The challenge for people like you, who want to accumulate and pass your assets to your spouse and children is determining the best possible strategy. What is the most effective way to protect your assets from potentially crippling income, gift, and estate taxes while providing? How can you provide an income source for your spouse? Without a tax-savvy strategy and the right trust arrangement, your heirs could see these taxes devour up to half, or even more than half, of their inheritance and your spouse could find it difficult to access cash funds in a hurry.
A highly effective way to address these concerns is through a Spousal Lifetime Access Trust or SLAT. This estate planning arrangement provides a creative way to access life insurance policy cash values while having the death benefit excluded from the estate.
How a SLAT Works
1. The person being insured (the grantor) establishes an irrevocable Life Insurance Trust (ILIT). The trust beneficiaries are the spouse and the grantor’s children/grandchildren. The trust is the policy owner.
2. The spouse is named trustee of the trust. (Other family members can also serve as trustee.)
3. The trust purchases a policy on the insured/grantor, which is funded with gifts from the grantor. The gifts must come from the grantor’s separate property, not from jointly help property.
4. During the grantor’s lifetime, the spouse can take loans, withdrawals, and distributions limitations such as health, maintenance, education and support.* The loans and withdrawals may reduce the policy’s death benefit.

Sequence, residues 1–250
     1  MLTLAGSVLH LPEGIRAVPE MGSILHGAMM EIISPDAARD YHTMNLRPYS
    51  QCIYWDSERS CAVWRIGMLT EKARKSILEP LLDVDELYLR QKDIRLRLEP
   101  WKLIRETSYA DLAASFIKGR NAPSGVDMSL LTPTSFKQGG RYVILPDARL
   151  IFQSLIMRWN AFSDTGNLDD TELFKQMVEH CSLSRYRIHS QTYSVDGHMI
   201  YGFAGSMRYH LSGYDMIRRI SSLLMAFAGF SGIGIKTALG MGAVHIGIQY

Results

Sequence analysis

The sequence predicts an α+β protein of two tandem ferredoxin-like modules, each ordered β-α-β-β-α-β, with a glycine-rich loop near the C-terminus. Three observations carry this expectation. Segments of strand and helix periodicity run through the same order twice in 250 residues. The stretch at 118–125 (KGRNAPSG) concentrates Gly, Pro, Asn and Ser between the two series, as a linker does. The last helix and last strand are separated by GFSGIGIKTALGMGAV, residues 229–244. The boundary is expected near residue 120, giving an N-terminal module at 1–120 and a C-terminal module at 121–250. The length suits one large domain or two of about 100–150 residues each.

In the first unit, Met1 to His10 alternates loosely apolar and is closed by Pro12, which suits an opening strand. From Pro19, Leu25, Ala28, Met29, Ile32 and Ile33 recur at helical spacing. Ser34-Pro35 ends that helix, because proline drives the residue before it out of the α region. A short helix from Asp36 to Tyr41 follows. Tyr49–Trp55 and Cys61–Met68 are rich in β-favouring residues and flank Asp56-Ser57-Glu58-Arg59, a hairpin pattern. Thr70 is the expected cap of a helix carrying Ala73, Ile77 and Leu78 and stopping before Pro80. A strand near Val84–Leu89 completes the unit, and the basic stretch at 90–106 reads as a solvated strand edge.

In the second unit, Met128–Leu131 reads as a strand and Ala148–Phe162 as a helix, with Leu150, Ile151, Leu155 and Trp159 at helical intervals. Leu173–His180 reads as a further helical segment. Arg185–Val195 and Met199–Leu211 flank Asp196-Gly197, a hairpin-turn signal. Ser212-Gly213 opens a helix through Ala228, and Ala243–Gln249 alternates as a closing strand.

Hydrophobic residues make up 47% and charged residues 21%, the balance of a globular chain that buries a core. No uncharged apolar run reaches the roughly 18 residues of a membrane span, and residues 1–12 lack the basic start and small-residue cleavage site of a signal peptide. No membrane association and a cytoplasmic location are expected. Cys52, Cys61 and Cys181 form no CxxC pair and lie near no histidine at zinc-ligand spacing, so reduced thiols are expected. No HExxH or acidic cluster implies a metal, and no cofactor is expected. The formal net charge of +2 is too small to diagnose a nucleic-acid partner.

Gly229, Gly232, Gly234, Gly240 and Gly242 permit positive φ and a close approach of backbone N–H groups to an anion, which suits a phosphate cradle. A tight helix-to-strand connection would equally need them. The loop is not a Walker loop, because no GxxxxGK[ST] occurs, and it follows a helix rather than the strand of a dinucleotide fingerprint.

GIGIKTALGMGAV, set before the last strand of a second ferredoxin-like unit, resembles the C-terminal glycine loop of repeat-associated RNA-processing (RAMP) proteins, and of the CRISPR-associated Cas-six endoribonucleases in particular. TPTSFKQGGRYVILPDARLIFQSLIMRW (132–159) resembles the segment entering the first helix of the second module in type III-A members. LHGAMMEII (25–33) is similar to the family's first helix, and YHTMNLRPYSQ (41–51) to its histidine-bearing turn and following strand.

5. When the grantor dies, the policy’s death benefit will be paid to the trust and will pass to the spouse and children/grandchildren free from income** and estate tax.
Benefits Provided by a SLAT
- Potential cash value accumulation through the life insurance policy
- Income tax benefits
- Insurance policy proceeds are kept out of the estate
- Protection from potential creditors, professional liabilities or other unforeseen losses (depending on the state law)
- Allows access to policy cash values that can be tax-free if the policy is properly structured
- Upon the death of the grantor, the policy death benefit passes to the heirs without incurring income or estate taxes
§ Access to policy cash values aver available only for the non-insured spouse. Divorce or death of the non-insured spouse can reduce the benefits of this planning technique.
§ The trust needs to be carefully drafted and funded to avoid inadvertent inclusion in the estate.
§ Trust distributions should not be used by the insured/grantor or commingled in the insured’s accounts. This could result in inclusion in the estate.
* Tax-free distributions assume that the life insurance policy is properly structured, is not a modified endowment contract (MEC), and distributions made are withdrawals up to the cost basis and policy loans thereafter. If the policy lapses or is surrendered prior to the death of the insured, there may be tax consequences.
** Proceeds from a life insurance policy paid because of the death pf the insured are generally excludable from the beneficiary’s gross income for federal income tax purposes.